516 S.E.2d 655 (S.C. 1999), 24950, Beaufort County Bd. of Educ. v. Lighthouse Charter School Committee
|Citation:||516 S.E.2d 655, 335 S.C. 230|
|Party Name:||335 S.C. 230 BEAUFORT COUNTY BOARD OF EDUCATION, Respondent, v. LIGHTHOUSE CHARTER SCHOOL COMMITTEE and State of South Carolina ex rel. Charles M. Condon, Attorney General, Appellants.|
|Case Date:||June 01, 1999|
|Court:||Supreme Court of South Carolina|
Heard April 20, 1999.
[335 S.C. 232] Dalton L. Oldham, of Southeastern Legal Foundation, of Columbia; and George E. Mullen, of Mullen Law Firm, of Hilton Head Island, for appellant Lighthouse Charter School Committee.
Attorney General Charles M. Condon, Deputy Attorney General Treva G. Ashworth, and Assistant Deputy Attorney General J. Emory Smith, all of Columbia, for appellant State of South Carolina.
Kenneth L. Childs, William F. Halligan, and John M. Reagle, all of Childs & Halligan, P.A., of Columbia; and David T. Duff and Charles J. Boykin, both of Duff, Dubberly, Turner, White & Boykin, L.L.C., of Columbia, for respondent.
[335 S.C. 233]MOORE, Justice:
This appeal involves the denial of a charter school application. We affirm and remand to the circuit court for further proceedings.
On December 10, 1996, appellant Lighthouse Charter School Committee (Lighthouse) applied to respondent Beaufort County Board of Education (Beaufort Board) for approval of a local charter school under the recently-enacted South Carolina Charter Schools Act of 1996. The Beaufort Board found Lighthouse's application failed to meet several requirements of the Act and denied the application. Lighthouse appealed to the State Board of Education (State Board) which reversed the Beaufort Board's denial.
The Beaufort Board filed an appeal in circuit court. 1 The parties consented to the intervention of the Attorney General who challenged the constitutionality of a provision of the Act requiring that a charter school's enrollment cannot deviate more than ten percent from the racial composition of the school district. S.C.Code Ann. § 59-40-50(B)(6) (Supp.1998). The circuit court declined to address this constitutional question and reversed the State Board's order on the remaining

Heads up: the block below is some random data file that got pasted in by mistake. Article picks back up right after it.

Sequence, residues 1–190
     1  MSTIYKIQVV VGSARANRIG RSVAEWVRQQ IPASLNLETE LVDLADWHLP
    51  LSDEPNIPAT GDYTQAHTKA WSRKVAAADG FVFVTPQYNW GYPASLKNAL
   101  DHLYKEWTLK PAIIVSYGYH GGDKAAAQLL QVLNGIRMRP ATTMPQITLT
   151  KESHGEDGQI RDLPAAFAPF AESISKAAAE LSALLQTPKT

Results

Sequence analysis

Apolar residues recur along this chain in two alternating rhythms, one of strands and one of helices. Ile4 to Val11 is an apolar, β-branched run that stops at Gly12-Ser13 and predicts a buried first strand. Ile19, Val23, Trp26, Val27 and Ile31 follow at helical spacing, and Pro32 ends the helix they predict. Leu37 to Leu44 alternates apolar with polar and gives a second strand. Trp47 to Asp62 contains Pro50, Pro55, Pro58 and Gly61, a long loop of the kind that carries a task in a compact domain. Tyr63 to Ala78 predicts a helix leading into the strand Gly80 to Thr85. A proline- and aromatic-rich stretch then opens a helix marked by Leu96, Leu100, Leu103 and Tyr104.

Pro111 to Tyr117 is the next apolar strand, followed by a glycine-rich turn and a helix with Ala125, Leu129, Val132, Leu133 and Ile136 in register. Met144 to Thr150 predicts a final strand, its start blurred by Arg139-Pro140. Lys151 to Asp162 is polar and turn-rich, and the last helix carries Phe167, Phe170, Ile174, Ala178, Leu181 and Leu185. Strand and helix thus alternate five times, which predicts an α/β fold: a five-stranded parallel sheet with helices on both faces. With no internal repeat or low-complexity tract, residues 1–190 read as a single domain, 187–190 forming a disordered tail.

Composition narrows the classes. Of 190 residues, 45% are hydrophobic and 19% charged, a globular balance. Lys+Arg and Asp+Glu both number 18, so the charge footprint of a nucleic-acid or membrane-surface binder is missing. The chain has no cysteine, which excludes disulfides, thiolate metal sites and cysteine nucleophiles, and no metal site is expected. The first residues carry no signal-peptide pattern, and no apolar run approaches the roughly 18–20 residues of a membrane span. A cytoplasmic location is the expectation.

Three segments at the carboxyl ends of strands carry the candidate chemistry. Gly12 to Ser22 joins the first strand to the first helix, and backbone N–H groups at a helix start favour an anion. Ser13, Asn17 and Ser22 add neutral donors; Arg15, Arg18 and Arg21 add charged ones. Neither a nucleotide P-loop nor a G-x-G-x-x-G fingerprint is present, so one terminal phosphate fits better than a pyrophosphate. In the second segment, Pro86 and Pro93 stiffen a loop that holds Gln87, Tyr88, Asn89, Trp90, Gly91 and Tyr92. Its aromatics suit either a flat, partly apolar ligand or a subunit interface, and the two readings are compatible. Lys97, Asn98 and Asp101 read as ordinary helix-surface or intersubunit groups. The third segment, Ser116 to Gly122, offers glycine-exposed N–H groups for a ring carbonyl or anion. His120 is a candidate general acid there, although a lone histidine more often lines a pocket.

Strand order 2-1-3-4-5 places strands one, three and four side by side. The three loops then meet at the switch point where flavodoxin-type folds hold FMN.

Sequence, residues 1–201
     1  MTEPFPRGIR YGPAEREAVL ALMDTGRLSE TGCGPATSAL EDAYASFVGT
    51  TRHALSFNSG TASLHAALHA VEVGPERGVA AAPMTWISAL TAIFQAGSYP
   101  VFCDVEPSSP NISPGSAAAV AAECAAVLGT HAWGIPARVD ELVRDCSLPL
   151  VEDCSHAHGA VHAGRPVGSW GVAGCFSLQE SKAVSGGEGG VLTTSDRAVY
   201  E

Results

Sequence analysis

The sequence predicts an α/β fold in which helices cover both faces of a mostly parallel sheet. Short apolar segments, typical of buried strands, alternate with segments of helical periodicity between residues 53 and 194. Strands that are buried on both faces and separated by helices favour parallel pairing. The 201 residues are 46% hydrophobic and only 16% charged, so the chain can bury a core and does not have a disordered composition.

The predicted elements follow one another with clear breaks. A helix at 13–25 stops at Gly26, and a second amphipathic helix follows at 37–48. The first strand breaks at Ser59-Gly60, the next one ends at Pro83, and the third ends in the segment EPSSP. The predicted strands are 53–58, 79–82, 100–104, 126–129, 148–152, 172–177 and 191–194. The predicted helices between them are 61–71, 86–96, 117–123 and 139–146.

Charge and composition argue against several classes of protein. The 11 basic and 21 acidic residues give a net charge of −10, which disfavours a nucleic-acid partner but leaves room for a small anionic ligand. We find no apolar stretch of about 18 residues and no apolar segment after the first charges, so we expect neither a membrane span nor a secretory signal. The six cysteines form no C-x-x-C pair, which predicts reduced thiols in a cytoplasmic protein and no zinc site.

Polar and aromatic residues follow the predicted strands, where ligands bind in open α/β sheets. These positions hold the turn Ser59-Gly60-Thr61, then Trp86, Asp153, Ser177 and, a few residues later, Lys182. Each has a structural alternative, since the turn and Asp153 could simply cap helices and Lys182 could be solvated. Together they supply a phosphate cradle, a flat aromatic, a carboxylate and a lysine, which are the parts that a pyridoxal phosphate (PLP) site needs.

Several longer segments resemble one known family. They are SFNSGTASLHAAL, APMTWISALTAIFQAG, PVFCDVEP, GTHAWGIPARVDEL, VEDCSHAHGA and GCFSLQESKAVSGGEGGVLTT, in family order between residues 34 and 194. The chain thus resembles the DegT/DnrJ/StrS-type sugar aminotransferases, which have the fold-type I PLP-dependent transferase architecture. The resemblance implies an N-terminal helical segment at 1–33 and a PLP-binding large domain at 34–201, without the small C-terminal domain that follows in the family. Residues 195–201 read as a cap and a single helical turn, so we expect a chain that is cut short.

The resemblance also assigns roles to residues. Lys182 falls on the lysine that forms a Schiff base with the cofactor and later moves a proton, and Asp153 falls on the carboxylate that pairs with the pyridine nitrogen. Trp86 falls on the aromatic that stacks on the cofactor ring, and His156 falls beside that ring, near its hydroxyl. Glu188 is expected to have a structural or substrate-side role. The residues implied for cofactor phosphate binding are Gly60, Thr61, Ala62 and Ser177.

issues. Lighthouse and the Attorney General appeal.
1. Standard of review
An appeal of a local board decision regarding a charter school application is to the State Board whose decision may [335 S.C. 234] then be appealed by any party to the circuit court. S.C.Code Ann. § 59-40-90(C)(2) (Supp.1998). In the circuit court, the State Board's order, as the final agency decision, is subject to review under the Administrative Procedures Act (APA), S.C.Code Ann. § 1-23-380(A)(6) (Supp.1998), which provides for reversal only if its findings are:
(a) in violation of constitutional or statutory provisions;
(b) in excess of the statutory authority of the agency;
(c) made upon unlawful procedure;
(d) affected by other error of law;
(e) clearly erroneous in view of the reliable, probative and substantial evidence on the whole record; or
(f) arbitrary or capricious or characterized by abuse of discretion or clearly unwarranted exercise of discretion.
This Court then reviews the circuit court's order to determine whether it properly applied the APA standard of review.
In this case, the circuit court cites § 1-23-380(A)(6) as the appropriate standard of review. Lighthouse complains, however, it did not apply this standard of review and improperly gave deference to the Beaufort Board's decision rather than the State Board's decision. We disagree.
This case involves two levels of review. The State Board reviewed the Beaufort Board's findings under Reg. 43-600. 2 This regulation mirrors the APA's limited standard of review. On review of the State Board's order, the circuit court concluded the State Board should not have reversed the Beaufort Board's findings under its limited standard of review because those findings were supported by evidence in the record. In determining whether the State Board's findings were erroneous, the circuit court properly applied § 1-23-380(A)(6).
2. [335 S.C. 235] Grounds for denial of application
The Charter Schools Act provides for a privately organized school to be sponsored and funded by the local school district. S.C.Code Ann. §§ 59-40-70(E) and -140 (Supp.1998). A charter school is exempt from the laws and regulations applicable to public schools except it must:
(1) adhere to the same health, safety, civil rights, and disability rights;
(2) meet or exceed student attendance requirements;
(3) adhere to the same financial audits and procedures;
(4) be considered a school district for purposes of tort liability (specifying that tort immunity shall not include acts of intentional racial discrimination);
(5) hire non-certified teachers only in specified ratios;
(6) admit all children eligible for public school in that school district providing (a) that the charter school's racial composition cannot differ from that of the school district by more than ten percent and (b) if applications exceed capacity, students shall be accepted by lot;
(7) show no preference in admission except to siblings and children of employees;
(8) elect a governing body...
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